None of that can happen in a place where the actual law means anything. But we are talking about Shelby County, Alabama, and District Judge Ron Jackson--who I knew from previous experience has a tendency to pull "law" from some dark place underneath his robe. We also are talking about powerful conservative legal/political figures, led by Rob Riley and lobbyist Liberty Duke (and God knows who else behind the curtains) who wanted me in jail to stop my reporting on this blog.
Here is the fundamental question we asked in a recent post: Can you be charged with resisting an unlawful arrest? The answer is no, and here is why:
Code of Alabama 13A-10-41 (Resisting Arrest) states:
A person commits the crime of resisting arrest if he intentionally prevents or attempts to prevent a peace officer from affecting a lawful arrest of himself or of another person.
Was my arrest lawful? No, it was not--on at least three grounds:
(1) Officer Chris Blevins entered our home without showing a warrant or saying he had one. At my resisting-arrest trial, prosecutor Tonya Willingham was instructed to turn over any warrants as evidence, and she said, "Your Honor, we don't have any." At this point, it's a matter of public record that there was no warrant for my arrest. Either that, or Ms. Willingham withheld evidence, which could cost her law license. Entering a dwelling without a valid warrant violates a landmark U.S. Supreme Court case styled Payton v. New York, 445 U.S. 573 (1979). (That case involves serious Fourth Amendment issues, and we will examine it further in upcoming posts.)
(2) Officer Mike DeHart "served" us with Rob Riley's lawsuit via an unconstitutional traffic stop. I contested service as improper and invalid, and that placed the burden on Riley and Duke to prove that service was conducted properly. No hearing ever was held on that subject once I filed a Motion to Quash Service. (I did not "ignore" the lawsuit, or a court order, as has been widely reported: I responded by challenging service, as any semi-competent attorney would have done under similar circumstances.) The plaintiffs never proved lawful service, so that means the court did not have jurisdiction over me. And that means both my arrest and incarceration were unlawful--ordered by a court and a judge (Claud Neilson) who had no authority over me. It's hard to imagine a more grotesque violation of constitutional rights than that.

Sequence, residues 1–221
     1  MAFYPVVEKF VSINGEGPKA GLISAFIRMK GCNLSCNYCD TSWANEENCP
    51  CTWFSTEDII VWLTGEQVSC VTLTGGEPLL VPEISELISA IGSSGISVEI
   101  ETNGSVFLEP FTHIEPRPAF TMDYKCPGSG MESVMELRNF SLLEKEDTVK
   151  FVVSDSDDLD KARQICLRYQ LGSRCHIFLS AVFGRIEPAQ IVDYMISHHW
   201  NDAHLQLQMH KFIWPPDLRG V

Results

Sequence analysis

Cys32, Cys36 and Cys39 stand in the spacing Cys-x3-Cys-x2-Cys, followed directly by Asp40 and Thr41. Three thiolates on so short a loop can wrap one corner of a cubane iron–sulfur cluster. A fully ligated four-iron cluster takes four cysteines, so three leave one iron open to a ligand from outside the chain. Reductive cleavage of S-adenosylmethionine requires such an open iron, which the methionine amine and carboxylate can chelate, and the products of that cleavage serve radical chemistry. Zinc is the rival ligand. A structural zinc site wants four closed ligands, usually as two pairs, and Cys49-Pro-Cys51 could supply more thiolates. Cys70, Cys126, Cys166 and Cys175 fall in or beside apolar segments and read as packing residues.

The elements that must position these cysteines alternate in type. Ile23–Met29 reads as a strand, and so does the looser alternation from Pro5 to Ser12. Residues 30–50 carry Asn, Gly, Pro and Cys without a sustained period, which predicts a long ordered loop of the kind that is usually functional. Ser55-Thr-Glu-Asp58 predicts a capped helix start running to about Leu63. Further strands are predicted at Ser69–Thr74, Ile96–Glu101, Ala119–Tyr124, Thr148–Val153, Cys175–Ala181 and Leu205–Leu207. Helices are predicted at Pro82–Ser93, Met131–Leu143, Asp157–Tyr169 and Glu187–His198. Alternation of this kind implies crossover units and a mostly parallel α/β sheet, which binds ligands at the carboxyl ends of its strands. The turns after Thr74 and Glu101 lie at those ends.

What is Alabama case law on the subject of resisting arrest. It's spelled out in a 2013 federal-court case styled Rigas v. City of Rogersville:
Under Alabama law, a person commits the crime of resisting a lawful arrest by preventing or “attempting to prevent a peace officer from affecting [sic] a lawful arrest of himself or of another person.” Ala. Code § 13A-10-41. An arrest without a warrant, as here, may be effected “if a public offense has been committed or a breach of the peace threatened in the presence of the officer.” Ala. Code § 15-10- 46 3(1). There is no Alabama law or practice criminalizing resistance of an unlawful arrest, however. See Shinault v. City of Huntsville, 579 So. 2d 696, 698 (Ala. Crim. App. 1991); see also id. at 699–700 (Bowen, J., concurring). Indeed, Alabama law has historically permitted use of reasonable force to resist an unlawful arrest. Ala. Code § 13A-3-28 Commentary (1975) (“Alabama law . . . allows a person to use reasonable force to resist an unlawful arrest.” (alteration supplied)) (citing Spooney v. State, 217 Ala. 219, 225 (Ala. 1928); Brown v. State, 109 Ala. 70, 91 (Ala. 1895); Tarwater v. State, 75 So. 816, 817 (Ala. Crim. App. 1917));see also, e.g., Brown, 109 Ala. at 91 (“It is not the duty of the citizen to submit to any other than a lawful arrest. It has been said the duty ‘is found in the law side by side with the right of resistance to an unlawful one . . . .’” (alteration supplied) (quoting Drennan v. People, 10 Mich. 169, 186 (Mich. 1862)).
Note the powerful language, that a citizen has no duty to submit to an unlawful arrest. Also note that this law has roots that date to at least 1862.
Is it any wonder that California lawyer and conservative legal analyst Ken White, of the Popehat blog, smelled something funny about my arrest and incarceration:
It's not clear from the reporting how the prosecution proved the elements of the offense. I'm not talking about my standard skepticism of police claims that a suspect improperly resisted. I'm talking about proving that the arrest was lawful in the first place.
Under Alabama law resisting arrest is an attempt to prevent a lawful arrest. Resisting an unlawful arrest is not, as I understand Alabama law, a violation of the resisting arrest statute. To make a lawful arrest under Alabama law, a peace officer must have an arrest warrant, or must have probable cause to believe the suspect committed a felony, or must observe the suspect commit a crime. Shuler apparently argued at trial that the arresting officer didn't have a warrant and didn't observe any crime, and that therefore the arrest was not lawful and Shuler could not have committed the crime of resisting arrest. . . . Regrettably the news coverage of the brief bench trial doesn't clarify how the prosecution proved (if it did) that the arrest was lawful in the first place.
Popehat wrote four posts about my incarceration, and while I take issue with some of his statements, his analysis of the law is on target--both on the First Amendment and, as here, on the Fourth Amendment.
Below is the Motion to Quash Service that my wife and I filed in the Riley/Duke case. It is not time stamped because we filed it on a Wednesday, the day the clerk's office is closed in Shelby County. But it was timely and properly filed, shifting the burden of proving lawful service to the plaintiffs, which they never did because no hearing was held on the subject. In fact, I was awaiting notice of such a hearing when I was arrested on October 23, 2013.